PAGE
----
Fraudsters may use a practice called phishing to try to obtain your sensitive data such as usernames, passwords, and credit card information. These fraudsters impersonate legitimate companies or people, sending emails and links that attempt to direct you to false websites, or infect your computer with malware. LinkedIn will never ask you for your password or ask you to download any programs.
Possible warning signs of a phishing message:
- Messages containing bad spelling, grammar, and that aren't addressed to you personally.
- Messages asking you to act immediately.
- Messages asking you to open an attachment to install a software update.
LinkedIn has also joined the DMARC organization with other industry leaders like Facebook, Google, and PayPal, with the goal of fighting phishing and spam. In accordance with DMARC standards, LinkedIn digitally signs all emails we send. This allows participating email providers to identify our legitimate emails and throw away the phishing and/or spam emails. While most major email providers such as Google, Yahoo!, Microsoft, and AOL adhere to DMARC standards, a number of providers haven't implemented it. Additionally, messages that come from LinkedIn will contain a security footer to help you verify if they're authentic.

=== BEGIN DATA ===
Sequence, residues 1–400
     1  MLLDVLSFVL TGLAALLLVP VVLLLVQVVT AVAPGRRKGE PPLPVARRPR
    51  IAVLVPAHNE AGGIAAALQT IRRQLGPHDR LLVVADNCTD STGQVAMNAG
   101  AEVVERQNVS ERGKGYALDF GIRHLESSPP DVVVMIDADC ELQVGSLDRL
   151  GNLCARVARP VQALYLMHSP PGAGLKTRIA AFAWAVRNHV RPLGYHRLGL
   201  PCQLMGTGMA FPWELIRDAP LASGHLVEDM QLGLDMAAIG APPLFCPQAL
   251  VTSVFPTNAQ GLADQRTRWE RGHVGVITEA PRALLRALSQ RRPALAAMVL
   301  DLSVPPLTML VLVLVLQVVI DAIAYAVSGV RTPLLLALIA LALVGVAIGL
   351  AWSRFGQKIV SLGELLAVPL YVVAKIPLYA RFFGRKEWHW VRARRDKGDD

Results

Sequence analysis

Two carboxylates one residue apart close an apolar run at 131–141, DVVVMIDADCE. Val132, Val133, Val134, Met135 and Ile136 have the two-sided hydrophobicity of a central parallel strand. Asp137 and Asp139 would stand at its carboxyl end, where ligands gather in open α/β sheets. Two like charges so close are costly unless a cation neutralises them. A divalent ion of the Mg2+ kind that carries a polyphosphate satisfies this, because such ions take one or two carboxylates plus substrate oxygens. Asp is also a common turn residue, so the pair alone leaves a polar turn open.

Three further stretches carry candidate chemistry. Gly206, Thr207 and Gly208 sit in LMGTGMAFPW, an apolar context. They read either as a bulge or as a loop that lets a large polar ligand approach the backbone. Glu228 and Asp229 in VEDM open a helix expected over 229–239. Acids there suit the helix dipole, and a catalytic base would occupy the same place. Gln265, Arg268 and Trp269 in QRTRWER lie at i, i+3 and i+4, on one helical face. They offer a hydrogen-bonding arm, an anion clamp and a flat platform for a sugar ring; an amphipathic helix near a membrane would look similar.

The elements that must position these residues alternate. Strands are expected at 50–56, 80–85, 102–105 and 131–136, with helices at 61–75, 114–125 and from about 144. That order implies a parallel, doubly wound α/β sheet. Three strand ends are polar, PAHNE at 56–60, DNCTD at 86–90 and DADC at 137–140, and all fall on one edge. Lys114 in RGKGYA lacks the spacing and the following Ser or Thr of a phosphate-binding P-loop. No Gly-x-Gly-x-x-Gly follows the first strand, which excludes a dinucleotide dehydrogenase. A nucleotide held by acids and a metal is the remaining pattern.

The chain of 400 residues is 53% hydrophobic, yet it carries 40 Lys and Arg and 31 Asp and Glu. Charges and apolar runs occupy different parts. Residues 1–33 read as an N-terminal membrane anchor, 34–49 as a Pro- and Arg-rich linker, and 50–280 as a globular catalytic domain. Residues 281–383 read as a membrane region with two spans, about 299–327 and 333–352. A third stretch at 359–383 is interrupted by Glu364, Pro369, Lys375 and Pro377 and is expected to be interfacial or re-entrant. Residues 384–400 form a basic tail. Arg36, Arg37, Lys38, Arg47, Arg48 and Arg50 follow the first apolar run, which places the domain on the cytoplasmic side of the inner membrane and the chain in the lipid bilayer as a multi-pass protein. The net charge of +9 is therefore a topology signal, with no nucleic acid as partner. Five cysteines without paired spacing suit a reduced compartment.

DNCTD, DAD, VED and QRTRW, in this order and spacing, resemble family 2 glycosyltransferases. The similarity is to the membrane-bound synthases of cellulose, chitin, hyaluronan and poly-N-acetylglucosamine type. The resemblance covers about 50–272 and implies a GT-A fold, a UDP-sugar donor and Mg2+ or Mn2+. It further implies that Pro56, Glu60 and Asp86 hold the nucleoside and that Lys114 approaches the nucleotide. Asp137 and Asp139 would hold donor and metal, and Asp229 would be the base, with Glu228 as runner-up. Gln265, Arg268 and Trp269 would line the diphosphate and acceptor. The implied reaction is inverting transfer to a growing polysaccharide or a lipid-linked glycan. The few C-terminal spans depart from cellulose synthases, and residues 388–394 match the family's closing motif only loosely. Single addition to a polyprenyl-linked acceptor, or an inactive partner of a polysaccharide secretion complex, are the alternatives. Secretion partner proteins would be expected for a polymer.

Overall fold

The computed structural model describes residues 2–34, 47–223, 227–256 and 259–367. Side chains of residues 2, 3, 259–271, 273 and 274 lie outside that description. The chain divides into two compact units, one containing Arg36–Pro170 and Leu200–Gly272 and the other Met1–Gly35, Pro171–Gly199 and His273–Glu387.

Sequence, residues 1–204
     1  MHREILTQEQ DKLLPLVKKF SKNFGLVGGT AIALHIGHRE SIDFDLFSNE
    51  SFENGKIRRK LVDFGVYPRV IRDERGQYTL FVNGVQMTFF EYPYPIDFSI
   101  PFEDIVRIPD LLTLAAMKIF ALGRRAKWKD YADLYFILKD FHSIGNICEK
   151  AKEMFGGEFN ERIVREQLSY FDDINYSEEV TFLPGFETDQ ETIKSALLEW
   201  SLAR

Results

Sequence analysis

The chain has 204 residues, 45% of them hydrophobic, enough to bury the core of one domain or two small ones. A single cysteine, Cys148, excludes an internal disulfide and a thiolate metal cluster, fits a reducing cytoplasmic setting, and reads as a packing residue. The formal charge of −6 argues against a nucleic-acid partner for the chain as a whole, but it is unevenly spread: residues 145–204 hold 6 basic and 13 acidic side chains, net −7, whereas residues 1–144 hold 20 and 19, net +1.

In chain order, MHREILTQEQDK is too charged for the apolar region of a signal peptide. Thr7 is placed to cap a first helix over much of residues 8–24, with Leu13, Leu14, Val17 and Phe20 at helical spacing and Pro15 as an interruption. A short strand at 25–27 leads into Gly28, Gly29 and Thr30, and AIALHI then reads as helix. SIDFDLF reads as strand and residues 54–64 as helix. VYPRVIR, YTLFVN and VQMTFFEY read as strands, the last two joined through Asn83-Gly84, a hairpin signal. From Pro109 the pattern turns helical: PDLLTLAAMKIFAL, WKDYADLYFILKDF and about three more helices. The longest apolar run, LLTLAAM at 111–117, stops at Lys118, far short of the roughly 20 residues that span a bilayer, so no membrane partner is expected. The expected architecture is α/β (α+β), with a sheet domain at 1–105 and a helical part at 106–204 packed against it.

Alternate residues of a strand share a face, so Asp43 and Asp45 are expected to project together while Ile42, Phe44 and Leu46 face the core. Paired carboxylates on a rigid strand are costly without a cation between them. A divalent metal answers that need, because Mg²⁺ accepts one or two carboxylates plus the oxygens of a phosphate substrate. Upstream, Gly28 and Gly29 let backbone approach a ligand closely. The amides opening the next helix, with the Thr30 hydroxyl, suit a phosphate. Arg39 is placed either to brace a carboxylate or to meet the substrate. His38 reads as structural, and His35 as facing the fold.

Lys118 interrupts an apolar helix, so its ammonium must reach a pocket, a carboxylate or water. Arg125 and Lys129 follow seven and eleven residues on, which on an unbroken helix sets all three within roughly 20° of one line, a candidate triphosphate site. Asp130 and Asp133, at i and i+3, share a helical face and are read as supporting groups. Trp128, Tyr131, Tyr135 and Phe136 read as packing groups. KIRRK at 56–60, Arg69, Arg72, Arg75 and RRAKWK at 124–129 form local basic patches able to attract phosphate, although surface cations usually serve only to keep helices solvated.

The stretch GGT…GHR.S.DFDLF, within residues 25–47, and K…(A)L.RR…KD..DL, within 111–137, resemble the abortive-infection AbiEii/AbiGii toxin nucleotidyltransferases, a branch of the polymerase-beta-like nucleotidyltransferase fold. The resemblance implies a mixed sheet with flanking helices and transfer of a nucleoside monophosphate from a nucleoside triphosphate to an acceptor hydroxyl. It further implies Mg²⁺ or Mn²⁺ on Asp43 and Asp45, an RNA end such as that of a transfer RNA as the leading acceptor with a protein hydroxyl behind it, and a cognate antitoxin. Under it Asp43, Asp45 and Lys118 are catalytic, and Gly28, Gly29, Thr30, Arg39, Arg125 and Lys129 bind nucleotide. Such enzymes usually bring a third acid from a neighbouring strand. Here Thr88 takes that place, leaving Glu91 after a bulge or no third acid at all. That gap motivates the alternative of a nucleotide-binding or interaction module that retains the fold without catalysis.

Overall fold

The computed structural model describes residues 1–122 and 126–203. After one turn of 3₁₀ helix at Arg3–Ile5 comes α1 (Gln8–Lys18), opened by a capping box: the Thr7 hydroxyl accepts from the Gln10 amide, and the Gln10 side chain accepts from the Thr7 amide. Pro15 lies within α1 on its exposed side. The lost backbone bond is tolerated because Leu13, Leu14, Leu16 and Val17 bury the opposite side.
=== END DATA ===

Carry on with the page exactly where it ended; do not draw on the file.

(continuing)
We also work with many industry partners to identify websites and email campaigns that engage in phishing or spamming, so that we can remove them from the Internet. Sometimes we're able to do this within an hour of the email crossing our radar. These combined efforts should decrease the chances of you receiving a fraudulent LinkedIn phishing or spam email.
To report phishing messages you've received, please email firstname.lastname@example.org. Learn more about protecting yourself from fraudulent messages or what to do if you've already clicked on a bad link or attachment.